When planning your next move, try checking the map a little closer. You might end up in places very different to your typical holiday resort, like the archipelago of Svalbard.
With no more than 2,300 inhabitants, Longyearbyen is the biggest city of Svalbard and the most unusual one in Norway. At first glance, nothing seems atypical: you can go shopping, skiing, bike your way to classes or get drinks from the local brewery. But imagine doing this during four months of polar night, while not breaking the law by crossing the city limits without a gun.
None of the inhabitants were born here and none of them will be able to find their end here, as it is illegal to die. People of 43 nationalities made the choice to live in this place, and you can sense how strong the community is. And with 700 students every year, Longyearbyen will always remain young.
The University Centre in Svalbard is specialised in arctic biology, geology, geophysics and technology. You can study and conduct research for a year here if you are already enrolled in a university with a similar curriculum in mainland Norway. Being a student at the northernmost university prepares you for the outside world more than you’d expect: you’ll receive a gun and learn how to use it, survive swimming in the frozen water, and eventually get a student job as well.
The student union organises gatherings every week; there are bars and restaurants, new hiking routes on the mountains or glaciers and plenty of festivals to attend. The dark winters are packed with snowmobile rides, cosy games, movie nights and reading time at the library; the local church organises waffle evenings and the cafés always serve cinnamon buns, hot from the oven. You can look up at any time and catch the aurora borealis, nature’s most beautiful spectacle. As Spring approaches, your favourite bar will pull down the blinds to try to preserve the atmosphere. You can start preparing your camping trips, and on lazy summer evenings you can simply relax with your friends around a bonfire on the beach, enjoying the warmth of the midnight sun.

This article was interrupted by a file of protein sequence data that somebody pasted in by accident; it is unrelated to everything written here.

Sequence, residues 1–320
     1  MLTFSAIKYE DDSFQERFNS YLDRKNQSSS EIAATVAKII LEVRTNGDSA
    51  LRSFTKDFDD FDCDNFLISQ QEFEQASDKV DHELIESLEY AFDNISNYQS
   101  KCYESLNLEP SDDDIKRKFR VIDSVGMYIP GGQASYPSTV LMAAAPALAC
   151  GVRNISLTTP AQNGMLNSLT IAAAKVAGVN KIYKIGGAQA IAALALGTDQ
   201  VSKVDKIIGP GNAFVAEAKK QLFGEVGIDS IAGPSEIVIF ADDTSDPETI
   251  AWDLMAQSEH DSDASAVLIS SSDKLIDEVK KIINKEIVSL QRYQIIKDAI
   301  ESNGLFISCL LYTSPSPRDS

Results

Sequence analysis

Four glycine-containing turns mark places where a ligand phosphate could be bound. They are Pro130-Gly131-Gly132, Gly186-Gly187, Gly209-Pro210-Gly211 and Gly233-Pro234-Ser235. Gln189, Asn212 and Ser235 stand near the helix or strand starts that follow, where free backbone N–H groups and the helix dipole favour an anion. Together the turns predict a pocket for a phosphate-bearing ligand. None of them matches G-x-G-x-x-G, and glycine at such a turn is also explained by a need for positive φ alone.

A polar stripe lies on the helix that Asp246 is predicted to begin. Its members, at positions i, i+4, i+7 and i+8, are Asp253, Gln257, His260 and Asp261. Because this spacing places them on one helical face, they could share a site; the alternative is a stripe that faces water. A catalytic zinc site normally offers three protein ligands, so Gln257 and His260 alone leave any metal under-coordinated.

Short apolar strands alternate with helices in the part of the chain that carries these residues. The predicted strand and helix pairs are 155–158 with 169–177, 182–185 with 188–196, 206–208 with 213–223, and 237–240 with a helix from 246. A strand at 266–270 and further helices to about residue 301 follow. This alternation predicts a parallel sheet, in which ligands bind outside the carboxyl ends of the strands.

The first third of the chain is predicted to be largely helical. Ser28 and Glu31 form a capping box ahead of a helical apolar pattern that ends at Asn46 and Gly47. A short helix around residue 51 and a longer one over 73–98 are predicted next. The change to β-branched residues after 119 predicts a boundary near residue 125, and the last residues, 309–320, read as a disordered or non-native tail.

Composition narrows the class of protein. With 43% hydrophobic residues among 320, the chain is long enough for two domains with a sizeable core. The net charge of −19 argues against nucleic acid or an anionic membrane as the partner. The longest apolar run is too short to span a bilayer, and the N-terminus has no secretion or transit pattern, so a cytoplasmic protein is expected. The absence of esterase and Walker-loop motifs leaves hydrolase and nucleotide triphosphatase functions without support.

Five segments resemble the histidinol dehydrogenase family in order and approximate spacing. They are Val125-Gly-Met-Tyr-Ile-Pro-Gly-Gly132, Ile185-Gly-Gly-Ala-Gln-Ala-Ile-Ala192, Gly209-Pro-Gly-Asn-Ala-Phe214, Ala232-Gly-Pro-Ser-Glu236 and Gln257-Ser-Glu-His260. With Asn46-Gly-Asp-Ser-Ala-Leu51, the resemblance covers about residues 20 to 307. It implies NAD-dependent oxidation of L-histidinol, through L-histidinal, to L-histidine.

Temperatures don’t reach higher than 10°C and you need to develop some survival skills in order to live here. Drunk tourists stealing glasses is the only crime, but polar bears and Nature itself are the real danger. It’s a place of extremes where no trees grow, the streets have no name, shops are tax-free, reindeers are your neighbours and you don’t have to worry about fashion. Not only do you have to choose whether your steak is cooked medium or rare, but whether it comes from a reindeer, seal or whale. Since it’s Norway, there is a limit for the drinks you can buy, but it’s not applicable to wine. However, being a student has its perks - you’ll always know where to find the cheapest drinks.
For the explorers, there’s more than just rocks to be discovered. There are 12 species of whales in the surrounding waters, including narwhals, along with seals and walruses. You can visit the northernmost town in the world or see where the largest Seed Vault is located. The remains of coal mining and Soviet history are still to be seen in Barentsburg or in the abandoned city of Pyramiden. Maybe you’ll even see the only cat of the archipelago, which was registered as a dog, as cats are not allowed in the region.
Have we sparked your interest? Pull on your hiking boots and get ready to experience the North!